LITTLE ROCK — Two golf shots struck by Sebastian Cappelen deep in the final round of the Southeastern Conference tournament say plenty about his skill level and even more about what’s between his ears.
To do what he did on No. 16 and No. 18 with an individual title on the line requires self-discipline, something that was in question his first two years at Arkansas. When Cappelen arrived from Denmark, Arkansas coach Brad McMakin said, “he was kind of a wild card.”
Think Phil Mickelson’s go-for-everything approach. As a result, McMakin said, Cappelen “had some great rounds, but he had some poor rounds.”
His education included playing innumerable holes with UA assistant Barrett Lais in his ear, talking strategy, preaching that par can be a good thing, and that there is a time and place to attack the pin. “He has really changed the way he plays golf,” McMakin said.
The first time around, I missed the highlights of Cappelen’s impeccable round on the last day of the Southeastern Conference championship.
When a witness to Cappelen’s 66 in 30 miles per hour wind began reciting the details, I remembered that the Arkansas junior had hit every green in regulation, missed only two of 14 fairways, and didn’t make a bogey in his last 40 holes. Old news until the man with the details got to No. 16 at Seaside Golf Course on St. Simons Island, Ga.
Eighty yards from the pin after his tee shot, Cappelen chose 8-iron, probably a 160- to 170-yard club under normal circumstances. On a good day, my gap wedge goes 80 yards.
Cappelen played the ball back in his stance, probably swung 75 percent, and hit that under-the-wind shot that weekend hackers dream about. Rewarded with a 4-foot birdie putt, Cappelen converted to move into a tie with South Carolina’s Caleb Sturgeon, who started the day with a four-shot lead.
Coming off another birdie on No. 17, Cappelen had to know he was in position to win. On the tee box of the 470-yard downhill 18th, he had 2-iron in mind before consulting with McMakin. Sounds good, the coach said.
Tee shot in the fairway, second shot on the green, two putts, trophy time.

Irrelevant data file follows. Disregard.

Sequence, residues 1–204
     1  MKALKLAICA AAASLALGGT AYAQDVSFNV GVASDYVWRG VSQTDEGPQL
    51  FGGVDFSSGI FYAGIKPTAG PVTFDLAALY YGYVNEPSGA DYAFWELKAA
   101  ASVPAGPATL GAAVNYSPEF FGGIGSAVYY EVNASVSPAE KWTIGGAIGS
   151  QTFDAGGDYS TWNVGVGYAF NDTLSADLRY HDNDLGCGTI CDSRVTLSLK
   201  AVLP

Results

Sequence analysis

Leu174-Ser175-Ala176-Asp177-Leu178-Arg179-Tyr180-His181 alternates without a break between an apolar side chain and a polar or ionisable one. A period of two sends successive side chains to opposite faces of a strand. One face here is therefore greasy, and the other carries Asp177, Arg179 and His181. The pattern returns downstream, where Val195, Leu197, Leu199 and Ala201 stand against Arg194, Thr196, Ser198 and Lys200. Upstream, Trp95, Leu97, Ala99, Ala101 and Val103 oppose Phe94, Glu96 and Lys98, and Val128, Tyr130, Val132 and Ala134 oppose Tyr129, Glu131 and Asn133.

“The last two rounds at Sea Island, he kept the ball 20 feet to lower,” McMakin said. “He never got it up in the wind.”
Controlling trajectory is one thing; controlling emotions is another. Cappelen has made progress on both fronts. No longer does he get flustered when something goes awry. “He’s not letting a bogey turn into another bogey,” is the way McMakin put it.
Although Arkansas’ schedule is one of the 10 most difficult, Cappelen has finished outside the top 20 only a couple of times — a performance that probably has him penciled in for second team All-American.
Cappelen, his teammates, golfers from 13 other teams, including Texas and Oklahoma State, and five individuals will tee it up Thursday in the NCAA Regional at The Blessings, the Razorbacks’ home course. After 54 holes, the top five teams advance to the NCAA championship.
One of the neat things about watching a golf tournament is that there are no reserved seats and a prime spot can be secured with some planning and a bit of insider info. For the Regional, drive on Clear Creek Boulevard until you see golf. Apply brakes.
Close by is the 11th green, perched at the top of a ski slope of a fairway. Watch the approach shots to 11, walk across the street, and the players will be hitting short iron to the 14th. Nearby is the tee for the par three 15th and the par five 12th. So, too, the car and a restroom.
Although not a fan of the raucous doings on the 16th hole at the Phoenix Open, an occasional “Woo Pig Sooie” is encouraged.
Harry King is sports columnist for Stephens Media’s Arkansas News Bureau.